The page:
Representing animals in the literature of Victorian Britain

Authored by: Jennifer McDonell

The Routledge Companion to Animal–Human History

Print publication date:  September  2018
Online publication date:  September  2018

Print ISBN: 9781138193260
eBook ISBN: 9780429468933
Adobe ISBN:


 Download Chapter



I begin with two iconic images of the Victorian era (Figure 10.1, Figure 10.2). The first is a photograph of Queen Victoria with one of her favourite border collies, Sharp (1866–79), who is seated on a gothic chair resembling a throne and leaning into his dour mistress’s breast. The second is of the celebrity elephant Jumbo, who tragically died after being hit by a freight locomotive, a death that is all too neatly emblematic of nineteenth-century industrialisation. As they merge into each other, Sharp and his mistress embody Victorian domesticity in all its glaring contradictions, with Sharp standing in as a confidante and honorary royal and as a model of the obedient and loyal subject, an emblem of how good breeding anchors the bourgeois home. 1 Born around 1861 in what is now Eritrea, Jumbo was violently separated from his mother by hunters and sent to the Jardin des Plantes in Paris before being relocated to the London Zoo, where he was tortured by night for seventeen years to make him docile by day. When Jumbo became violent in middle age, he was bought by P.T. Barnum and emerged as one of the most lucrative circus acts of Barnum’s ‘Greatest Show on Earth’, that is, until 1885 when he wandered onto a railway track in Ontario, Canada. Jumbo’s body was subsequently dissected, with its parts attaining historical and cultural afterlife as museum specimens and taxidermied exhibits. 2 The real animals in these images represent extremes of sentiment and violence, the homely and the exotic, sympathetic interdependence with, and instrumental use of animals by humans that was in many ways characteristic of Victorian Britain.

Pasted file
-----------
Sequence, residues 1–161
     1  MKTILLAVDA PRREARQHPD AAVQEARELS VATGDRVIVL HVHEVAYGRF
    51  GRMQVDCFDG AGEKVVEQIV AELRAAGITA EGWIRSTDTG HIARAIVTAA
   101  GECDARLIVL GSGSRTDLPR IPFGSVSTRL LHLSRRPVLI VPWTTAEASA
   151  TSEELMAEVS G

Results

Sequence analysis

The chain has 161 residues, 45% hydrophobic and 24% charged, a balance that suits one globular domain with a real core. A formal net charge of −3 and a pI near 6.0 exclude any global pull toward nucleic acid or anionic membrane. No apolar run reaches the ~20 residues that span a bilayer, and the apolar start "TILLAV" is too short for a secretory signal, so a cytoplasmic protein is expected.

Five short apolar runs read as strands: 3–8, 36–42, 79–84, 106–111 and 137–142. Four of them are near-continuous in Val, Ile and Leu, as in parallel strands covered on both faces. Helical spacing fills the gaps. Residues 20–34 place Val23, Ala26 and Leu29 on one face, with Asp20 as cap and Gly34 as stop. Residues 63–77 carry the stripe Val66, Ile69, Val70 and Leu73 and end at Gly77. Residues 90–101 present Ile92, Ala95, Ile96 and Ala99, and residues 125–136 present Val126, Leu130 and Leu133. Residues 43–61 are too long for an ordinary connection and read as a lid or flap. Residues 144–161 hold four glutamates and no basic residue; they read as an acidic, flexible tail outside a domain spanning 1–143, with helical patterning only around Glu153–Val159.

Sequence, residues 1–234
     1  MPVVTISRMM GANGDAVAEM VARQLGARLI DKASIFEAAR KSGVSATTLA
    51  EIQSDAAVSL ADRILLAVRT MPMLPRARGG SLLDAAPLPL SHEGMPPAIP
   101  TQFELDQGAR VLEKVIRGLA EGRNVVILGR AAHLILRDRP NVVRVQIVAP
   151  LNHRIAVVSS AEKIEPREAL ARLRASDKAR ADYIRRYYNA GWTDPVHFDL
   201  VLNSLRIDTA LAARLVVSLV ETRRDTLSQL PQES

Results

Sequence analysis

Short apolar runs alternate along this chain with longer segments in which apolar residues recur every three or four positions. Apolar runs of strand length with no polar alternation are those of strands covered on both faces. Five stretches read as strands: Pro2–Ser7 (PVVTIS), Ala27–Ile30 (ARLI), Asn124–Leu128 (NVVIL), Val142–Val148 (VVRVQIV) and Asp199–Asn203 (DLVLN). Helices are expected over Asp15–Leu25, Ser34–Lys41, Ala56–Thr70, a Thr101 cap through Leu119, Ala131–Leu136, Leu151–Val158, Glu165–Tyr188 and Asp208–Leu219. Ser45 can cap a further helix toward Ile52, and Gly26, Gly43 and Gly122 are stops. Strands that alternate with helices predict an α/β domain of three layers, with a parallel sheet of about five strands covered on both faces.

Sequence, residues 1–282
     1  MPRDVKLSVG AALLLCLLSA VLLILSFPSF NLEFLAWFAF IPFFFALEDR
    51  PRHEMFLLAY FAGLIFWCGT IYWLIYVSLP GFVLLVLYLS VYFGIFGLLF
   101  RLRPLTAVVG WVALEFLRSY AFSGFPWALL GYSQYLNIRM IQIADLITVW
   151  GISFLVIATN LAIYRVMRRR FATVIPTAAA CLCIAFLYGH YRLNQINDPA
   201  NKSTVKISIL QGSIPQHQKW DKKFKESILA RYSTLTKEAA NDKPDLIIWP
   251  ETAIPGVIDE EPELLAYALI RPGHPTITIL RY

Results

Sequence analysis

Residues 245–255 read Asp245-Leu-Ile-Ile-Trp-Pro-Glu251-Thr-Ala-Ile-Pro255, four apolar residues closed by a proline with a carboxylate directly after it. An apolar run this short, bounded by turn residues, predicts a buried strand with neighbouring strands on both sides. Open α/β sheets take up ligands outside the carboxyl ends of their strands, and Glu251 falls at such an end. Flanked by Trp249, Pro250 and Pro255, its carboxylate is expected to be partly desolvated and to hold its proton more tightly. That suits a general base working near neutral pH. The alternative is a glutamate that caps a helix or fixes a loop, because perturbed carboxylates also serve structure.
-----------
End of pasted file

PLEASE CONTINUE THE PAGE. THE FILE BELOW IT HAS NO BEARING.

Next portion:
Search for more...
Back to top

Use of cookies on this website

We are using cookies to provide statistics that help us give you the best experience of our site. You can find out more in our Privacy Policy. By continuing to use the site you are agreeing to our use of cookies.